2006
05.31

While I was browing at a book shop I stumbled across ‘Breaking into Japanese Literature: Seven Modern Classics in Parallel Text‘, by Giles Murray.

Seven famous Japanese stories in different genres – from comedy to horror – are presented here, in a bilingual format for students of Japanese. Each page of Japanese contains a full English translation and a guide to grammar and vocabluary. Each story is also prefaced with an author biography, story background and helpful hints for reading.

I was tempted to buy the book, but then I thought of all the books I haven’t finished yet which are sitting on my shelf. Have you read this book? Any opinions?

The audio files that accompany the book can be downloaded from the Breaking into Japanese Literature site.



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  1. It sounds like it is a nice book to learn to read novels. Although, it seems that all those novels are available for free on the net and since the mp3s are free to download, I don’t see why you would need to buy the book unless you want the English translations.
    Honestly, after listening to the mp3s it doesn’t sound like the stories are particularly difficult. In comparison to the novel I have been translating, and other novels I have started reading, the Japanese is not that difficult.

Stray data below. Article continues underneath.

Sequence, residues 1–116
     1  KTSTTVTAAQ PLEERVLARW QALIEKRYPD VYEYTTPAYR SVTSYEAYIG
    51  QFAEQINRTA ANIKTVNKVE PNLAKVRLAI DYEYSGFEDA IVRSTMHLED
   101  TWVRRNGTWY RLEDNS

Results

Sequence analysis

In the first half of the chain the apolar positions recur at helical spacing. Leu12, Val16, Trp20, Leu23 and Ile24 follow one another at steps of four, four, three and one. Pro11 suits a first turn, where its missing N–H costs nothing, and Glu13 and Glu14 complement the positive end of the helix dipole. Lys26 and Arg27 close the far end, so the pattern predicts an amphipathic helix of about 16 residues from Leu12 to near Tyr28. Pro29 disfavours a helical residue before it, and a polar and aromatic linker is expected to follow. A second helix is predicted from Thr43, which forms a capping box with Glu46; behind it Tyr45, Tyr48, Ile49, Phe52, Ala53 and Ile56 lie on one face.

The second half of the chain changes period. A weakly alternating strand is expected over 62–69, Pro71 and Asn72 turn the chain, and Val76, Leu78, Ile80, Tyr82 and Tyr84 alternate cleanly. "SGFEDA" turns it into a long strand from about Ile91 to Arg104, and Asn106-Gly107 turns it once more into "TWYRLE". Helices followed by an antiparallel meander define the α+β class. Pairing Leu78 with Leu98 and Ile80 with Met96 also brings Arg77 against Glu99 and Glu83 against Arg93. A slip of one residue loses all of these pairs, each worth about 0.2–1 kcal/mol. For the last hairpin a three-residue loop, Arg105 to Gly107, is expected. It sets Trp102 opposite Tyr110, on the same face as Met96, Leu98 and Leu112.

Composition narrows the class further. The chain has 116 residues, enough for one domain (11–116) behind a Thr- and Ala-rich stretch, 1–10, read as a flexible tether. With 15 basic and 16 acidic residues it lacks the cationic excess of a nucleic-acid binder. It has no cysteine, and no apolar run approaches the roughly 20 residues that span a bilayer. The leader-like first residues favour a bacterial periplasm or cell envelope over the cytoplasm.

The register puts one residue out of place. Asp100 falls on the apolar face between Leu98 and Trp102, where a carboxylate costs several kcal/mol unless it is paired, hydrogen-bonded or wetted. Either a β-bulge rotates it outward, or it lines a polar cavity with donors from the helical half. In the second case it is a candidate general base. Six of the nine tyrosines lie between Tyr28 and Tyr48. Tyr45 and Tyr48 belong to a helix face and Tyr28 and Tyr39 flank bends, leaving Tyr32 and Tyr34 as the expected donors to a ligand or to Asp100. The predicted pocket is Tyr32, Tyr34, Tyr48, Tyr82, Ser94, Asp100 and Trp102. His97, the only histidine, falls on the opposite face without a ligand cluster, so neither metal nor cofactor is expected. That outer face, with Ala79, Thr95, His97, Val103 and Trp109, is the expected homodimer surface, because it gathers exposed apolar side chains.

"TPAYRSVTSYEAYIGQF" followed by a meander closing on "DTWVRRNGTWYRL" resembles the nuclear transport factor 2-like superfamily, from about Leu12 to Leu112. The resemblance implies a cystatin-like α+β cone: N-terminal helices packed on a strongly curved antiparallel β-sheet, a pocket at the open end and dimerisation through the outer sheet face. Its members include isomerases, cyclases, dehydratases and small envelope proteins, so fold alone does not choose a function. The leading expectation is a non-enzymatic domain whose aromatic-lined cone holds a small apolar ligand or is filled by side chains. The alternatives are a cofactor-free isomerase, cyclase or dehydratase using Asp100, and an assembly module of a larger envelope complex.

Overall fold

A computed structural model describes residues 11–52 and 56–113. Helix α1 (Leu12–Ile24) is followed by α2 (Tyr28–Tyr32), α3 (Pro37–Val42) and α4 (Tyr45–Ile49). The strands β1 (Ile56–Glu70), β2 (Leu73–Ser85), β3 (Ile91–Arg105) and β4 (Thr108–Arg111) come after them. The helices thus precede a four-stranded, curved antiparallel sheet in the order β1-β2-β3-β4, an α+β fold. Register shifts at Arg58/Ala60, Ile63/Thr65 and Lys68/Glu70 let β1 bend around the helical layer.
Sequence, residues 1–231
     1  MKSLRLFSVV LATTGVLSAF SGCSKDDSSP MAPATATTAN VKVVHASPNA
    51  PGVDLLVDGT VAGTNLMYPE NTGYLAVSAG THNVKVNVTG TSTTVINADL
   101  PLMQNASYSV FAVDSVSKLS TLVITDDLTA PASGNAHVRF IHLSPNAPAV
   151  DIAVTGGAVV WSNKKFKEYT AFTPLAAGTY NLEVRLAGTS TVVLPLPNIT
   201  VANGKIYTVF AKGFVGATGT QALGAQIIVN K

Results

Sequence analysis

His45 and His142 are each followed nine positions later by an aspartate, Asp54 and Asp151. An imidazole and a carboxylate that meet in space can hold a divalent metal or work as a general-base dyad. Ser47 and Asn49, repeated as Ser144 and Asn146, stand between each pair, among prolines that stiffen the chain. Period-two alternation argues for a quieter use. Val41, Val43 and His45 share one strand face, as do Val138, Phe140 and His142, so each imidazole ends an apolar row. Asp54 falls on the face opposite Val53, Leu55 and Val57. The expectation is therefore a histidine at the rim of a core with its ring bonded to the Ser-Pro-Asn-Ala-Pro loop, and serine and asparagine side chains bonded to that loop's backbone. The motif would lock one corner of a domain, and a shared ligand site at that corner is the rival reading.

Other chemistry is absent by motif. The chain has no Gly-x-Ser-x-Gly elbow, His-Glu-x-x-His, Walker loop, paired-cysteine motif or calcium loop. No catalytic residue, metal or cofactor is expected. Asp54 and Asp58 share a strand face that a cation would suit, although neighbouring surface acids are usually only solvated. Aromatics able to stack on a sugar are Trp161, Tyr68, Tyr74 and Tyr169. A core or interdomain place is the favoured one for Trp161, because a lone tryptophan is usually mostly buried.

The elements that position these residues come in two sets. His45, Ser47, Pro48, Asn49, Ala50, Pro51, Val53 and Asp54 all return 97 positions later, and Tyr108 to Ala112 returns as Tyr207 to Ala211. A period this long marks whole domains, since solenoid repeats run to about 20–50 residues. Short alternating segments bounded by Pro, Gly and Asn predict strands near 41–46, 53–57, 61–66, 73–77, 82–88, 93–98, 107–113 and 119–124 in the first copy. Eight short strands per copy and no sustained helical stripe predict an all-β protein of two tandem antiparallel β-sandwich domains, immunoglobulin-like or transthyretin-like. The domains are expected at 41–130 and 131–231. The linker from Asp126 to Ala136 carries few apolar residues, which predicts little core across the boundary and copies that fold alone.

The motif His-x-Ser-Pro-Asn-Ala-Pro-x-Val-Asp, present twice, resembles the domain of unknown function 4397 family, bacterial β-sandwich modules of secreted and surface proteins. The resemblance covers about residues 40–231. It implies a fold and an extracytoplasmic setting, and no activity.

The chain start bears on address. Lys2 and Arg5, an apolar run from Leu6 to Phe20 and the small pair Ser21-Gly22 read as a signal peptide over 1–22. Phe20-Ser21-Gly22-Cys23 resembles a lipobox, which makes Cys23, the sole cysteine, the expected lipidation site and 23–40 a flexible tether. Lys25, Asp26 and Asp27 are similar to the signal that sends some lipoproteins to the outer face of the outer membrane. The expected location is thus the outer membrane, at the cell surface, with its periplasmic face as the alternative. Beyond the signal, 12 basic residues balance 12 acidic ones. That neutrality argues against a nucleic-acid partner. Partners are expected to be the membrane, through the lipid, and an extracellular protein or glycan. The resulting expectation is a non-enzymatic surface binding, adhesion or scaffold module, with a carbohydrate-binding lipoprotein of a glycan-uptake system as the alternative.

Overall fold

I suggest you buy a Japanese novel instead and challenge yourself to read that. I’m sure you’ll learn a lot more from the first few pages then from those (possibly simplified) stories.

  2. By the way, did you see my bookshelf on my blog?
    (^_^;)

  3. Tim, thanks for the feedback. Yes, you probably right about being able to find the novels online to accompany the mp3s. Would they match word for word, though?
    The reason you might want to buy this book is because it’s so easy to understand what is going on by following the translation and page by page dictionary. Also, each kanji has a reference to Kodansha’s Kanji dictionary, which is handy. So, I guess it’s for us lazy people who don’t want to search for each and every unknown kanji in their dictionary/denshi-jisho.
    May I point out that what you consider easy is probably not what I would! I have listened to the first mp3 and there are many words I don’t know. I tried to read Harry Potter in Japanese but it became very tedious very quickly. It took me an hour or so for each page, and even then I wasn’t completely clear on the meaning.
    I wasn’t able to find your bookshelf. Have I missed the obvious?

  4. http://www.aozora.gr.jp/
    All the reading material you’d ever need, however it might not contain many newer books.
    If coupled with something like rikaichan http://www.polarcloud.com/rikaichan/ , you won’t need to be continually searching dictionaries as well.

  5. I didn’t put the link up as i didn’t want to explicitly advertise, but since you asked here is the direct link.
    http://ameblo.jp/tim/entry-10010385216.html